Like nurses, assistant practitioners and nursing associates are required to demonstrate leadership skills such as role modelling, coaching, mentoring and teaching, since it will be part of their role to supervise and delegate to staff members such as support workers or nursing students. During the two-year apprenticeship trainee assistant practitioners and trainee nursing associates undertake, leadership is one of the standards set by the Institute for Apprenticeships and Technical Education (2022, 2023). Addressing leadership in these roles is a fundamental part of their respective training programme, as is understanding how these nursing roles function in relation to nurses, patients and the wider multidisciplinary team.

‘Team care’

Monitoring the performance of other staff such as support workers and nursing students is a central aspect of leadership expected from assistant practitioners and nursing associates. Both roles have to oversee and deliver high-quality care for patients, which Pattison and Corser (2023) noted is a challenge for anyone in a leadership position at any level.

Assistant practitioners and nursing associates can also assist in the development of a nursing team where optimal relationships between staff are fostered through the sharing of information and experience, contributing to a culture of learning and development. This ability to develop relationships is another standard of apprenticeship training for assistant practitioners and nursing associates, with both roles expected to share their learning and experience with colleagues.

For example, an assistant practitioner working in a stroke ward may have learnt how to undertake a swallow assessment and have been judged by a nurse as competent in this task. They would then be expected to share this knowledge with support workers and nursing students, who in turn would have their competency assessed by a nurse.

These attributes all form part of what Fox et al (2023) called ‘team care’.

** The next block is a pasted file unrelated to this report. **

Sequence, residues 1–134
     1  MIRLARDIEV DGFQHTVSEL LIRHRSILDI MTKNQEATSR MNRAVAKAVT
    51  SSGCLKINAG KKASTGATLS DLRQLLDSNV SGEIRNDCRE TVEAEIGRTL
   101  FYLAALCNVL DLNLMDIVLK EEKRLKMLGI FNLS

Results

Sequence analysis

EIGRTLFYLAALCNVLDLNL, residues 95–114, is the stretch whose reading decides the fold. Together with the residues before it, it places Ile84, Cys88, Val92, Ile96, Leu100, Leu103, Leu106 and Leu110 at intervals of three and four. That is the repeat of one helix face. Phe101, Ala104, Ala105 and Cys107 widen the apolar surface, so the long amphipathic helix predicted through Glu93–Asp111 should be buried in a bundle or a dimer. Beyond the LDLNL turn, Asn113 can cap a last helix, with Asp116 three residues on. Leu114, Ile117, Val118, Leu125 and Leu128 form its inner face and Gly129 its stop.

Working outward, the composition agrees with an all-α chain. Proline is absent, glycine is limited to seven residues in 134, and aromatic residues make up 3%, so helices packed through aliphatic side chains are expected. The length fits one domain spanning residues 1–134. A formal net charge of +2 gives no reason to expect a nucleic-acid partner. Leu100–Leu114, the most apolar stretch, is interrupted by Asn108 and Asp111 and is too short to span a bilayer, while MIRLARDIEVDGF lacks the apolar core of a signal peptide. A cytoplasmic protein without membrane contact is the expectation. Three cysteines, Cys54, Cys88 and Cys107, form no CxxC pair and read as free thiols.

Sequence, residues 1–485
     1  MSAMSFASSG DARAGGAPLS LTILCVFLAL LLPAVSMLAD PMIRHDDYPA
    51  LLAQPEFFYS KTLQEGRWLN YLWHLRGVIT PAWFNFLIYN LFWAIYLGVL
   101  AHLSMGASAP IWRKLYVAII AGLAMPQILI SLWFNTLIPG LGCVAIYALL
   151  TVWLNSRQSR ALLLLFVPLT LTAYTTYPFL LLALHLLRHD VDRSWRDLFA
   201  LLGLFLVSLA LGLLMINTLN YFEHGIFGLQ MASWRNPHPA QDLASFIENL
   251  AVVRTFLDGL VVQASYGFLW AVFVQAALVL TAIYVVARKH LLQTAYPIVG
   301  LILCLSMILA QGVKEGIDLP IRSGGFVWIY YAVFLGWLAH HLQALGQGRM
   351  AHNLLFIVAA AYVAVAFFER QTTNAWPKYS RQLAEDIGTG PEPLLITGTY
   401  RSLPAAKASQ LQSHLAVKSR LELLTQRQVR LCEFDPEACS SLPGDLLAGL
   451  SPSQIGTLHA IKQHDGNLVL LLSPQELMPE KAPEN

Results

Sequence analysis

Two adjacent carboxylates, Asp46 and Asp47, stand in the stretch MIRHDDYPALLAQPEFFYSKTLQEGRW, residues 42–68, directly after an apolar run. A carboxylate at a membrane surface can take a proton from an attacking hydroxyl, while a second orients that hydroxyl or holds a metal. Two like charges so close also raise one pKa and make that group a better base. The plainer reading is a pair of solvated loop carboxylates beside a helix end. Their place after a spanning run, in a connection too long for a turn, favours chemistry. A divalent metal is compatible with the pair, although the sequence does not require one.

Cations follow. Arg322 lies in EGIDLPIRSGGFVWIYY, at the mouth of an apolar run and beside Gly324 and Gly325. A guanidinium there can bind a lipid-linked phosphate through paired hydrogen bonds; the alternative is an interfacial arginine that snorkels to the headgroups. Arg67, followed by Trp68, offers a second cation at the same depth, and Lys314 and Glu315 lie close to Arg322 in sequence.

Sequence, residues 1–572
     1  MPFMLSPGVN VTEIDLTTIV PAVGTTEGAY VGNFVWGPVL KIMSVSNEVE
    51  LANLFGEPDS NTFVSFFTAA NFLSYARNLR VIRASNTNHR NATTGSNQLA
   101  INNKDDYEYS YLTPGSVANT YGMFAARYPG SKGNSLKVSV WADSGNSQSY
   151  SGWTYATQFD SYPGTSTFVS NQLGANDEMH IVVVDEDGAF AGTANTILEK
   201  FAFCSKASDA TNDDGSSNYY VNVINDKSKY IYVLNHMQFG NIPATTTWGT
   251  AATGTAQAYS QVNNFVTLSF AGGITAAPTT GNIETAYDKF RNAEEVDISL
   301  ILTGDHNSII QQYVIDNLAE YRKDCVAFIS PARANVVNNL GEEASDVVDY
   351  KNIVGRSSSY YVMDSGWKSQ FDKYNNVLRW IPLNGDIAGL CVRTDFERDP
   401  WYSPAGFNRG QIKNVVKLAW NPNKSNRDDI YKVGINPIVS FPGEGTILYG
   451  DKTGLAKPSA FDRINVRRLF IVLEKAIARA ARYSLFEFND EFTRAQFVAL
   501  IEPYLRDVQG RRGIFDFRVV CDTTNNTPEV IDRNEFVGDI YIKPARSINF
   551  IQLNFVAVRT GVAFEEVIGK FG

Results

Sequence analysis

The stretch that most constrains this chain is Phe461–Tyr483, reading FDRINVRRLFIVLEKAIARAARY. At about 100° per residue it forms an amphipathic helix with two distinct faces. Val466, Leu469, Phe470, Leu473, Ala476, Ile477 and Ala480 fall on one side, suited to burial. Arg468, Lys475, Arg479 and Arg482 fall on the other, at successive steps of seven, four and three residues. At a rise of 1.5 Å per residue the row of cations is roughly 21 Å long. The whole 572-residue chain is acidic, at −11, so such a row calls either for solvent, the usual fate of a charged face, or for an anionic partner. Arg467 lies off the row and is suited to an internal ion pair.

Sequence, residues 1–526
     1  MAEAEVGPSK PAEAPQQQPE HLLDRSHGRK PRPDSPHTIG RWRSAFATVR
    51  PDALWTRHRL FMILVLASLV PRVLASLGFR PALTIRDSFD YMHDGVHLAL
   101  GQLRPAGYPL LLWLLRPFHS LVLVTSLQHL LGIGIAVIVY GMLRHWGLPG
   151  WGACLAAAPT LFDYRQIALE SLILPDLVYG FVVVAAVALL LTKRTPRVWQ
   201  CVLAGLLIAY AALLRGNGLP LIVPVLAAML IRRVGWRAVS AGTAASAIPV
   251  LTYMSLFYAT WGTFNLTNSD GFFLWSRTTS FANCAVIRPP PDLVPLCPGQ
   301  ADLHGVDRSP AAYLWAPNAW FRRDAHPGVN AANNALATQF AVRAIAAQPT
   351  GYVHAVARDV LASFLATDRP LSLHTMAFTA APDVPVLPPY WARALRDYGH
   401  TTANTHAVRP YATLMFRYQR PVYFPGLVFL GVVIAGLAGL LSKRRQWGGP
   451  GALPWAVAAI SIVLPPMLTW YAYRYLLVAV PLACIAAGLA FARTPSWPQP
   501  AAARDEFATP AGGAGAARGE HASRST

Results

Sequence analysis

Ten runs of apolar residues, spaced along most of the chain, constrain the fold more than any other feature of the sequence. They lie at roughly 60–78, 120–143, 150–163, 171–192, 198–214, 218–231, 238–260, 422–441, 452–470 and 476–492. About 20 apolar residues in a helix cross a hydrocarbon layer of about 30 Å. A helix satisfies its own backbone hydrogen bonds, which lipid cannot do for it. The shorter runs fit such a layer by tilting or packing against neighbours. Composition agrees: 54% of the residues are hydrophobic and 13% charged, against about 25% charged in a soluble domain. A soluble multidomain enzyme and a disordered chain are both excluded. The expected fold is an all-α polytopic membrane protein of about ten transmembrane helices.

Compassionate leadership

Following their training, assistant practitioners and nursing associates would be expected to understand the various styles of leadership and consider which one is best suited to their role in the team. For example, if nurses have adopted a relational leadership style, assistant practitioners and nursing associates should be able to align with that style to contribute to the development of a cohesive team.

Compassionate leadership, which is one style of relational leadership, has four primary elements: attending, understanding, empathising and helping. These core elements of compassionate leadership support the main functions of the assistant practitioner and nursing associate role, such as applying the fundamentals of care, supporting other staff, and delegating in a clear and considered way (West 2021). By following the principles of compassionate leadership, assistant practitioners and nursing associates can contribute to the overall efficiency of the nursing team.

Table 2 details the core elements and principles of compassionate leadership and how these relate to the associate practitioner and nursing associate roles.

Table 2.

Core elements and principles of compassionate leadership and how these relate to the associate practitioner and nursing associate role